Following Secretary of State for Transport Secretary Chris Grayling’s appearance at the Transport Select Committee on October 16, the committee published correspondence on October 31 providing additional information on the benefit:cost ratios and net present values of the cancelled Swansea, Mindland Main Line and Windemere electrification schemes.

Network Rail has announced that alliance with Amey, BAM Nuttall and Arup has been awarded a contract to design infrastructure options including civils, track and railway system enhancements and electrification for the Trans-Pennine route west of Leeds. The contract was awarded in March, but the formal announcement was delayed by the general election.

Balfour Beatty has published a paper Fast Track to Digital Railway: Delivering the Vision, outlining three factors which it says are necessary to make the Digital Railway programme a success. These are evolving relationships between Network Rail and its supply chain from 'transactions to partnerships across the asset lifecycle'; considering whether Digital Railway should be placed outside the industry’s five-year funding cycle; a culture of continuous improvement to ensure that workers stay on top of fast-evolving technology as the rail industry competes for skilled personnel with many other sectors.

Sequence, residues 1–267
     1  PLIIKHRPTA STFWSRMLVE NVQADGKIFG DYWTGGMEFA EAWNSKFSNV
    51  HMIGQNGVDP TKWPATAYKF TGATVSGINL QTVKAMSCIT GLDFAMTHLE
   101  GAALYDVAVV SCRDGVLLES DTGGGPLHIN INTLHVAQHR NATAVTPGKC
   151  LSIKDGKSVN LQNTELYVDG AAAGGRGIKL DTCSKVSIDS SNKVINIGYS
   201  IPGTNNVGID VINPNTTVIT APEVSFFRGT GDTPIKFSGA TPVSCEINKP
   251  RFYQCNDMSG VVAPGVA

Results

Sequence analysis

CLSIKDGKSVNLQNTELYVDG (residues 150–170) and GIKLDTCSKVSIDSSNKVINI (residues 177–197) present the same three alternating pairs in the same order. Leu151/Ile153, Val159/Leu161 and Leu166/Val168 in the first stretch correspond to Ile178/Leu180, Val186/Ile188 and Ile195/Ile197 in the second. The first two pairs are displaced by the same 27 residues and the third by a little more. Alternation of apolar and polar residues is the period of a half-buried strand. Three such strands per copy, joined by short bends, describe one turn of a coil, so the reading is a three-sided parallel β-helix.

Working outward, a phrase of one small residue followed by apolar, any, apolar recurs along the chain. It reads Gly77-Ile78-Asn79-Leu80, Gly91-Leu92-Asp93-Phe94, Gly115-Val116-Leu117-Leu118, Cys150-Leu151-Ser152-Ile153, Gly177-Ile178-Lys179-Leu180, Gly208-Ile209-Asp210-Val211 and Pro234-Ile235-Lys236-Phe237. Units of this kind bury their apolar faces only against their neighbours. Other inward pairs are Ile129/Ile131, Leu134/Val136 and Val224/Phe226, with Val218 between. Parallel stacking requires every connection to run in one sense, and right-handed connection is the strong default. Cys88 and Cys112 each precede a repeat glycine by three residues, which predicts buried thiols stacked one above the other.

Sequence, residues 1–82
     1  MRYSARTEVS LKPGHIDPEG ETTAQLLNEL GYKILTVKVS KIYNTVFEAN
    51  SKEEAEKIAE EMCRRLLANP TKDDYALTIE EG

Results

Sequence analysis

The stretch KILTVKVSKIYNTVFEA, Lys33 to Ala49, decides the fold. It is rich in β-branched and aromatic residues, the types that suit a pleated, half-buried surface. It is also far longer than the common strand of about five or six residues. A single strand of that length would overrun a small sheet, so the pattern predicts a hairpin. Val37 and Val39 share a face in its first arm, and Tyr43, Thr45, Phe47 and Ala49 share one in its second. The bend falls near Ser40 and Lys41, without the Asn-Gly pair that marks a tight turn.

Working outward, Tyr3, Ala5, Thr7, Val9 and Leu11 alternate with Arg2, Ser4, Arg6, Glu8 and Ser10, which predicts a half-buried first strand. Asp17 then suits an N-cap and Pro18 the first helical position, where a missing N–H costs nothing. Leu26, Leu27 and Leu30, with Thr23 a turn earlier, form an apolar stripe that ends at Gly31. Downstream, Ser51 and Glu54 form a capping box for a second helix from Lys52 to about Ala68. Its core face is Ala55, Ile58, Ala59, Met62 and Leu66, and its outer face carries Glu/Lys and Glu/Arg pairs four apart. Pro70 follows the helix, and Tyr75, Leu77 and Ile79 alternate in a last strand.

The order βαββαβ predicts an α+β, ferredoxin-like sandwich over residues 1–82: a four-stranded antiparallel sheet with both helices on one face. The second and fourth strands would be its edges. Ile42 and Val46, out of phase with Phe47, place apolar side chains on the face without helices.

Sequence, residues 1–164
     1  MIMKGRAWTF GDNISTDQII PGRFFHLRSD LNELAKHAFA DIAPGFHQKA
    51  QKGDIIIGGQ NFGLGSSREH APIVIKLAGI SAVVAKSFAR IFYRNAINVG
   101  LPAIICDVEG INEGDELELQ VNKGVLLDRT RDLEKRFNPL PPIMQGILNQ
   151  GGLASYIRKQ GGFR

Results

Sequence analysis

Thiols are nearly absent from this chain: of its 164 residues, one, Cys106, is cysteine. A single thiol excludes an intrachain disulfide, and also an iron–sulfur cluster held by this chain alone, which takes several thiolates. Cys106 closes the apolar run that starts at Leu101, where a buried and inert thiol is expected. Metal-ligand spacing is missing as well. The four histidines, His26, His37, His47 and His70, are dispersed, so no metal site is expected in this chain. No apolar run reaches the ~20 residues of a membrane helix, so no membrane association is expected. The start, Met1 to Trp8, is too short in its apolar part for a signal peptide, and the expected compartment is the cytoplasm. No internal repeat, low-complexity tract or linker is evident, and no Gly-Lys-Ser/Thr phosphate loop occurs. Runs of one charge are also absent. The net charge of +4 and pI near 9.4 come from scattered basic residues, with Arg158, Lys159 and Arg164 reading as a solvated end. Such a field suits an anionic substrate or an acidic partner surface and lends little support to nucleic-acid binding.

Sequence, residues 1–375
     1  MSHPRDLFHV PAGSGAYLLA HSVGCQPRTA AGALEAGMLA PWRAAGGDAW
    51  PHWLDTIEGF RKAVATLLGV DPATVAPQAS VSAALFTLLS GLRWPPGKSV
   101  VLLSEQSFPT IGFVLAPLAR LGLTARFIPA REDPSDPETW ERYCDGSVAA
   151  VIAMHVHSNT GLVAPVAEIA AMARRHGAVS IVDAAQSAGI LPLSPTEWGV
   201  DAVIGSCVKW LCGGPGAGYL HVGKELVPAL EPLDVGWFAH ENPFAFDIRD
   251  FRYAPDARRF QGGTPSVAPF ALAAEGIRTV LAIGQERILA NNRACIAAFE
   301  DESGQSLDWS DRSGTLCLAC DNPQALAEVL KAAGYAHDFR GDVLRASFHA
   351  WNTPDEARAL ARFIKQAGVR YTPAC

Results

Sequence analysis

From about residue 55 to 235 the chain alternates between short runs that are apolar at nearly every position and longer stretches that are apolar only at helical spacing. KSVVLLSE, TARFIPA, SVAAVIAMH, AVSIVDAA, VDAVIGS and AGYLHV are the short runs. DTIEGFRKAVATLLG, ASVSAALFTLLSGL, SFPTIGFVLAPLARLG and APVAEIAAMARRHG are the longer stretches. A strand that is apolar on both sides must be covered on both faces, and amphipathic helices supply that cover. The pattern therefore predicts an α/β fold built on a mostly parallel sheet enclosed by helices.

Arriva Rail North has opened a £23m depot in Blackburn which will be used to maintain, fuel and clean up to 30 DMUs and provide a base for more than 100 staff including drivers and conductors.

Working with Great Western Railway and Arriva Rail North, Transport Focus has published an update of its 2012 research into passenger priorities during disruption. The watchdog found passengers prefer being kept on a train for up to 40 min longer than usual rather than switching to a bus when their journey is affected by planned engineering works; has been little change in perceptions and expectations of railway engineering works since 2012; experiences during planned disruption remain varied; and passengers are following ‘check before you travel’ guidance and there is no clear evidence of passengers choosing not to travel at weekends.

Network Rail has launched the 'What the truck' campaign in an effort to reduce the number of lorries hitting railway bridges. ‘Every incident creates potential delay for tens of thousands of passengers and potential costs for taxpayers, and this is happening multiple times a day‘, said Chairman Sir Peter Hendy.

Network Rail is carrying out a £1·4m modernisation of the timber viaduct over the River Artro in Gwynedd which involves jacking up the tracks which repairs are undertaken. The technique will also be used during the upcoming refurbishment of the Barmouth viaduct.

As part of the testing of the newly installed 25 kV 50 Hz electrification equipment, a Hitachi Class 385 EMU ran on the full route between Edinburgh Waverley and Glasgow Queen Street in the early hours of November 1.